[Show abstract][Hide abstract]ABSTRACT: Using an integrated antigen microarray approach, we observed epitope-spreading of autoantibody responses to a variety of antigenic structures in the cerebrospinal fluid (CSF) of patients with multiple sclerosis (MS) and in the serum of mice with experimental autoimmune encephalomyelitis (EAE). These included previously described protein- and lipid-based antigenic targets and newly discovered autoimmunogenic sugar moieties, notably, autoantibodies specific for the oligomannoses in both MS patient CSF and the sera of mice with EAE. These glycans are often masked by other sugar moieties and belong to a class of cryptic autoantigens. We further determined that these targets are highly expressed on multiple cell types in MS and EAE lesions. Co-immunization of SJL/J mice with a Man9-KLH conjugate at the time of EAE induction elicited highly significant levels of anti-Man9-cluster autoantibodies. Nevertheless, this anti-glycan autoantibody response was associated with a significantly reduced clinical severity of EAE. The potential of these cryptic glycan markers and targeting antibodies for diagnostic and therapeutic interventions of neurological disorders has yet to be explored.
Full-text · Article · Apr 2014 · Drug Development Research
[Show abstract][Hide abstract]ABSTRACT: Interleukin 17 (IL-17)-producing helper T cells (T[subscript H]17 cells) are often present at the sites of tissue inflammation in autoimmune diseases, which has led to the conclusion that T[subscript H]17 cells are main drivers of autoimmune tissue injury. However, not all T[subscript H]17 cells are pathogenic; in fact, T[subscript H]17 cells generated with transforming growth factor-β1 (TGF-β1) and IL-6 produce IL-17 but do not readily induce autoimmune disease without further exposure to IL-23. Here we found that the production of TGF-β3 by developing T[subscript H]17 cells was dependent on IL-23, which together with IL-6 induced very pathogenic T[subscript H]17 cells. Moreover, TGF-β3-induced T[subscript H]17 cells were functionally and molecularly distinct from TGF-β1-induced T[subscript H]17 cells and had a molecular signature that defined pathogenic effector T[subscript H]17 cells in autoimmune disease.
[Show abstract][Hide abstract]ABSTRACT: Despite the prevalence of Aspergillus-related disease, little is known of the host–pathogen interaction. We used a novel orthotopic tracheal transplant model of Aspergillus infection to assess the effects of tissue ischemia and hypoxia on airway infectivity. We hypothesized that Aspergillus invasion would increase with the progressive ischemia of the graft because of the mold’s angiotropic nature and its capacity to thrive in hypoxic conditions.
Methods: Fungal burden and depth of invasion were graded
histopathologically. We used laser Doppler flowmetry and FITC-lectin
to determine blood perfusion and a fiberoptic microsensor to measure
airway tissue oxygen tension. We evaluated differences between
syngeneic and allogeneic animals. To evaluate the role of hypoxiainduciblefactor
(HIF) onAspergillusinvasion,we compared transplants
in mice with Von Hippel-Lindau haplodeficiency in Tie2 lineage cells
(Tie21 cell VHL) to wild-type (WT) control mice.
Measurements and Main Results: We demonstrated a high
efficacy (80%) for producing a localized tracheal infection at the
donor–recipient anastomosis; Aspergillus was more invasive in
allogeneic compared with syngeneic groups. The overall kinetics
of both noninfected and infected allografts were similar,
demonstrating a progressive loss of perfusion and oxygenation,
which reached a nadir by transplant day 10 to 12. The extent of
Aspergillus invasion directly correlated with the degree of graft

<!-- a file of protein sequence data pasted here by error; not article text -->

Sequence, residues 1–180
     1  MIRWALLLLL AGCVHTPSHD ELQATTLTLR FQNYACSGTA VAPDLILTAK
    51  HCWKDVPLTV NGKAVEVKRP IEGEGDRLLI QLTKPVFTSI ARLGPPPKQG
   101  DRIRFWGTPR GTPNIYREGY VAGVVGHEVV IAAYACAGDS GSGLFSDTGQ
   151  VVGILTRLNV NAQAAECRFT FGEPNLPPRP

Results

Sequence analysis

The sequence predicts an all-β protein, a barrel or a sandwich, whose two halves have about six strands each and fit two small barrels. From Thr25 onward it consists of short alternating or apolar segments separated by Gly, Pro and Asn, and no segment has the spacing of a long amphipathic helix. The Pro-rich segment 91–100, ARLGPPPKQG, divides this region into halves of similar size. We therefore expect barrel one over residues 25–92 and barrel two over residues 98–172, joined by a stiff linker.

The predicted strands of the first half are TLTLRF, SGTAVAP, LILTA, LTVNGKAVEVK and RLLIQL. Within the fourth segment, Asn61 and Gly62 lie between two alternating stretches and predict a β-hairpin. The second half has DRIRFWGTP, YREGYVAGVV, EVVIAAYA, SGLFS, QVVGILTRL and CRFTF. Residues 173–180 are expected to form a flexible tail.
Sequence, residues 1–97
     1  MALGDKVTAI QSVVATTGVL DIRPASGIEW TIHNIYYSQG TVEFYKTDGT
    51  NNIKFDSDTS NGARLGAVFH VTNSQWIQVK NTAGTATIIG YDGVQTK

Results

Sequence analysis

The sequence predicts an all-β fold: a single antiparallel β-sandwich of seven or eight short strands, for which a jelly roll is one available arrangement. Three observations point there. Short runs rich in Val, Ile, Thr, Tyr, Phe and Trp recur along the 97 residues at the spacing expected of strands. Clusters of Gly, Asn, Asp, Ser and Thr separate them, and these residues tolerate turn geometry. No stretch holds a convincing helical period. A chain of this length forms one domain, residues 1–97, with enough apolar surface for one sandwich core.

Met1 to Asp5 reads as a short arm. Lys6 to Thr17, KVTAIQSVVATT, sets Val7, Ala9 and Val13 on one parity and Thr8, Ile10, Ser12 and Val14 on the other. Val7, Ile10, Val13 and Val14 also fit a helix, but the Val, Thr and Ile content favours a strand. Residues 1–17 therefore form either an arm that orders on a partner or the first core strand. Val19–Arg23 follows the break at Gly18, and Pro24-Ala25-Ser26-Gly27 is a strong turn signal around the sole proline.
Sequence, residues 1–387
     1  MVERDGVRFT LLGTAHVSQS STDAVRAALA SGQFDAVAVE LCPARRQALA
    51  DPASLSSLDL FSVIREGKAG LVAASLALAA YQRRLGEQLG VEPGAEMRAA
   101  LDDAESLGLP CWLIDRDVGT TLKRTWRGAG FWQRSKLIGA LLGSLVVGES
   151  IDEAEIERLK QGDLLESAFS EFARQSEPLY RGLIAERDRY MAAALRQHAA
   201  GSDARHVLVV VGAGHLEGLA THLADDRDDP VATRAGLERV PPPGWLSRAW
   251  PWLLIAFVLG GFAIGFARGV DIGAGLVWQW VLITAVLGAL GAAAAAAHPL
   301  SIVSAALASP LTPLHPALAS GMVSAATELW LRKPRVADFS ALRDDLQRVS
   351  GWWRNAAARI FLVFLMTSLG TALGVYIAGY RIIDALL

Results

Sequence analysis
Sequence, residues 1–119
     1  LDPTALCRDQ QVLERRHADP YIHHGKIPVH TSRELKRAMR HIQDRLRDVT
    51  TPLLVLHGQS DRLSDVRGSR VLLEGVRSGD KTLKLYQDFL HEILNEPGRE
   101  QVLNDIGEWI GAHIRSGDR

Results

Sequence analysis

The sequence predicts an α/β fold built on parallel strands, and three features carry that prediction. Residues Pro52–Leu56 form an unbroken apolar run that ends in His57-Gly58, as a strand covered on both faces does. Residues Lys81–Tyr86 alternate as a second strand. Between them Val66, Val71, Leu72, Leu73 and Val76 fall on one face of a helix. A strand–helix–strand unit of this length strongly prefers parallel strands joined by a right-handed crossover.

hypoxia and ischemia. Tie21 cell VHL haplodeficient mice had
improved perfusion compared with WT control mice through
stabilization of the HIF-1aprotein. In Tie21 cell VHL haplodeficient
mice, Aspergillus fumigatus displayed a minimally invasive
phenotype, whereas in control mice Aspergillus was highly invasive.
Conclusions: For the first time, we identify ischemia as a putative
risk factor for Aspergillus invasion. Therapeutic approaches focused
on preserving vascular health, including up-regulating HIF
expression,may play animportant roleinlimitingAspergillusinfections.
Author disclosures are available with the text of this abstract at
(Received in original form July 24, 2012; accepted in final form July 26, 2013)
Correspondence and requests for reprints should be addressed to Joe L.
Hsu, M.D., Stanford University School of Medicine, 300 Pasteur Drive,
Stanford, California 94305. Email: email@example.com
Ann Am Thorac Soc Vol 11, Supplement 1, p S79, Jan 2014
Published 2014 by the American Thoracic Society
Internet address: www.atsjournals.org
No preview · Article · Jan 2014 · Annals of the American Thoracic Society
[Show abstract][Hide abstract]ABSTRACT: Whether B cells serve as antigen-presenting cells (APCs) for activation of pathogenic T cells in the multiple sclerosis model experimental autoimmune encephalomyelitis (EAE) is unclear. To evaluate their role as APCs, we engineered mice selectively deficient in MHC II on B cells (B-MHC II(-/-)), and to distinguish this function from antibody production, we created transgenic (Tg) mice that express the myelin oligodendrocyte glycoprotein (MOG)-specific B cell receptor (BCR; IgH(MOG-mem)) but cannot secrete antibodies. B-MHC II(-/-) mice were resistant to EAE induced by recombinant human MOG (rhMOG), a T cell- and B cell-dependent autoantigen, and exhibited diminished Th1 and Th17 responses, suggesting a role for B cell APC function. In comparison, selective B cell IL-6 deficiency reduced EAE susceptibility and Th17 responses alone. Administration of MOG-specific antibodies only partially restored EAE susceptibility in B-MHC II(-/-) mice. In the absence of antibodies, IgH(MOG-mem) mice, but not mice expressing a BCR of irrelevant specificity, were fully susceptible to acute rhMOG-induced EAE, also demonstrating the importance of BCR specificity. Spontaneous opticospinal EAE and meningeal follicle-like structures were observed in IgH(MOG-mem) mice crossed with MOG-specific TCR Tg mice. Thus, B cells provide a critical cellular function in pathogenesis of central nervous system autoimmunity independent of their humoral involvement, findings which may be relevant to B cell-targeted therapies.
Full-text · Article · Dec 2013 · Journal of Experimental Medicine